DeFi Platform’s Mistaken Token Giveaway Climbs to $160 Million
(Bloomberg) -- One of the crypto industry’s largest-ever loss of funds through an automated decentralized finance protocol miscue appears to be bigger than initially realized.
After a glitch in the so-called DeFi lending platform Compound led to nearly $90 million in mistaken rewards being distributed last week, Compound Labs’ founder and Chief Executive Officer Robert Leshner said millions more are at risk.
On Sunday, Leshner tweeted an additional 202,472.5 COMP tokens were issued, bringing the total dollar amount of crypto that was accidentally distributed to about $160 million. COMP is the “native token” used to conduct transactions. The price of COMP fell about 4% to $316.14 Monday, according to CoinMarketCap.com data.
The fiasco began last week when users approved an update to Compound’s platform that contained a software bug. According to a tweet from Leshner, the glitch caused too much COMP to be sent to some users. Unlike other lending platforms like BlockFi, which are run by a centralized company, Compound is operated by a distributed network of users utilizing smart contracts, or predetermined software programs. Neither Compound Labs nor anyone else can pause distribution of the tokens through the platform.
The decentralized nature puts the onus of returning the funds onto the users who received them. On the first day of the attack, Leshner begged users to send back the tokens, and even threatened to reveal users’ identities to the Internal Revenue Service if they didn’t comply. He later apologized for the threat. On Sunday, at least 117,000 tokens had been returned, he said.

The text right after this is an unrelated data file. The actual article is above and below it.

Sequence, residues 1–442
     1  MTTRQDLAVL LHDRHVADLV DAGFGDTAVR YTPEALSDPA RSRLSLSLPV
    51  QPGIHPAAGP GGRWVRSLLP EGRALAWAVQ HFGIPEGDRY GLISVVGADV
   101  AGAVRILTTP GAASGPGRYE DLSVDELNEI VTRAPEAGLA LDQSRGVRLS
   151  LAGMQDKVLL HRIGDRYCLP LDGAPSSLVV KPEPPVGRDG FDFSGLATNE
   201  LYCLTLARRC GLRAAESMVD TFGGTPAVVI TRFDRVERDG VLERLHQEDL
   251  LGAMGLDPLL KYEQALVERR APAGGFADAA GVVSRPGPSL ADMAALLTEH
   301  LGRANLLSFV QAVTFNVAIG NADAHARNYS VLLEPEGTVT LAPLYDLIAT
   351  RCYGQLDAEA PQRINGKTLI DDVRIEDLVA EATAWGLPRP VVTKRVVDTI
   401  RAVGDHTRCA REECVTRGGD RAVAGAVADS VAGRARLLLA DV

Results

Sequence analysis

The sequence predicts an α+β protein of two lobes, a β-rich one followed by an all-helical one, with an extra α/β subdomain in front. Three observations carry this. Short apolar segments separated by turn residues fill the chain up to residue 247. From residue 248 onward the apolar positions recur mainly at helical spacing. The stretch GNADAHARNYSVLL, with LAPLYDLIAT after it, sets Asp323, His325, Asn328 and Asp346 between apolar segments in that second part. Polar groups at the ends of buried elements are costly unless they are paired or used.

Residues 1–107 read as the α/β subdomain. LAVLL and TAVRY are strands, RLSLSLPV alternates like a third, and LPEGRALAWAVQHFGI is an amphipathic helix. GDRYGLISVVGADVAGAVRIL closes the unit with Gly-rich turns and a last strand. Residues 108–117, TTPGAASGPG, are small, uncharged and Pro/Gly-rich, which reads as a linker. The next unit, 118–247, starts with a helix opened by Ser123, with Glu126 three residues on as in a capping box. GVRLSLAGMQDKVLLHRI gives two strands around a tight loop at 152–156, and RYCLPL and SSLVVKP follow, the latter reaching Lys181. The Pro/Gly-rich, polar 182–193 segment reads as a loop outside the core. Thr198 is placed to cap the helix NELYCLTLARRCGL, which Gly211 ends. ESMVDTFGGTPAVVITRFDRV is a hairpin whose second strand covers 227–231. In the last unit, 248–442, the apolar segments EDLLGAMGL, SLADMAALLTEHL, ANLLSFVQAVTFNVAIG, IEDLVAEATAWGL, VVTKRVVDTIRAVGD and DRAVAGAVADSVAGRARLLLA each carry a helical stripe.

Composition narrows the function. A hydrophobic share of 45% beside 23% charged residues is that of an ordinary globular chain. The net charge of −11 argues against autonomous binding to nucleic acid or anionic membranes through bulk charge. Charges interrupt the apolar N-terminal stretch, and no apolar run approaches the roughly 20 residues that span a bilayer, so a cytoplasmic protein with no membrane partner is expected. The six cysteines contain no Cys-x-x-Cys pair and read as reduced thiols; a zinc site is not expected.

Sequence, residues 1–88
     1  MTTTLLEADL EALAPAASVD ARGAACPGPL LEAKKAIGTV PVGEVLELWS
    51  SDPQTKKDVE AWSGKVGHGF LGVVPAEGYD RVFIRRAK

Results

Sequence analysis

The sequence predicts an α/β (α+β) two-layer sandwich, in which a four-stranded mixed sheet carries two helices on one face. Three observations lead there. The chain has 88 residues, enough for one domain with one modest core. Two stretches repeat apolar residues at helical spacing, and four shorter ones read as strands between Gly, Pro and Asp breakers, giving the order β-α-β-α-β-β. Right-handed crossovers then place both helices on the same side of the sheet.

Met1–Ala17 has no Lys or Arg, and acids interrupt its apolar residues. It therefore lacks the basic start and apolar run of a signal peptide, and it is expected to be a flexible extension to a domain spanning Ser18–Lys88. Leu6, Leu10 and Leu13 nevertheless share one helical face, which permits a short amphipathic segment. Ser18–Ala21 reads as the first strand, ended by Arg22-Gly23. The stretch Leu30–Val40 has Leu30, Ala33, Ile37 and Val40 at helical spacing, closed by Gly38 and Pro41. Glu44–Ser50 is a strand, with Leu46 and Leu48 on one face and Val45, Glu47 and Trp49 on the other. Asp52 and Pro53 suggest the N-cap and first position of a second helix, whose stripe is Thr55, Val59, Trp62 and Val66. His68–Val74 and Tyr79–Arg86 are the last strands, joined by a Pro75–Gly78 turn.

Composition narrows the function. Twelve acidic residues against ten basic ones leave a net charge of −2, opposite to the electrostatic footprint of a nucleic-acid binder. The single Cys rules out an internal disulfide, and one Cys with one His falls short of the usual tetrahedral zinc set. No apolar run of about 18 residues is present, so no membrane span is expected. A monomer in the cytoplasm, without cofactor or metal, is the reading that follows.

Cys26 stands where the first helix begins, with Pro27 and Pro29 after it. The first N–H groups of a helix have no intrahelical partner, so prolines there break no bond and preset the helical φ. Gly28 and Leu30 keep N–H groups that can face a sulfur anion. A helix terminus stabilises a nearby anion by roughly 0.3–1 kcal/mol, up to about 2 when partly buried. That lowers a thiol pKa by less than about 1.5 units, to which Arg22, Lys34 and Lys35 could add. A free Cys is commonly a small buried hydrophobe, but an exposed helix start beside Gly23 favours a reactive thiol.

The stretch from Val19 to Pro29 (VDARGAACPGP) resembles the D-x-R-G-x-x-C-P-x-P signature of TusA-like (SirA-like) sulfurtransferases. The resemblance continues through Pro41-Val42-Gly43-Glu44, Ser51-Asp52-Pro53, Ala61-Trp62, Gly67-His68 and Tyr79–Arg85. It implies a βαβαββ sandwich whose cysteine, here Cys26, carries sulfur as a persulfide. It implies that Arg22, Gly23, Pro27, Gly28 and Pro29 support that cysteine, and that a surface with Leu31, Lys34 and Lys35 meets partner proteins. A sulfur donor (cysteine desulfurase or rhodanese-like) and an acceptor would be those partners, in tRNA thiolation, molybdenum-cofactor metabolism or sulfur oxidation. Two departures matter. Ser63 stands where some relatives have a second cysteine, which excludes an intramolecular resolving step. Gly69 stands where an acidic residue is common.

The attack could be the largest-ever fund loss in a smart contract incident, said a core developer at DeFi platform Yearn in a tweet.
The error didn’t threaten any users’ existing funds, Compound said. Even so, the incident does highlights the fragile structure of many DeFi projects, an obstacle that may stand in the way of more widespread adoption.
“It’s extremely difficult to do to get software right the first time, and that’s the trouble with a lot of DeFi -- getting it right the first time,” said Clem Chambers, the CEO of Online Blockhain, an incubator of blockchain projects.
“DeFi projects are basically where the banks were in the 1880s where Billy the Kid could show up with a gun and stick it in their faces and say, ‘give me the money,’” Chambers added.
Chambers said the industry needs better ways of developing software that won’t be as vulnerable to theft. He expects “massive innovation” in security to come as the DeFi industry expands.
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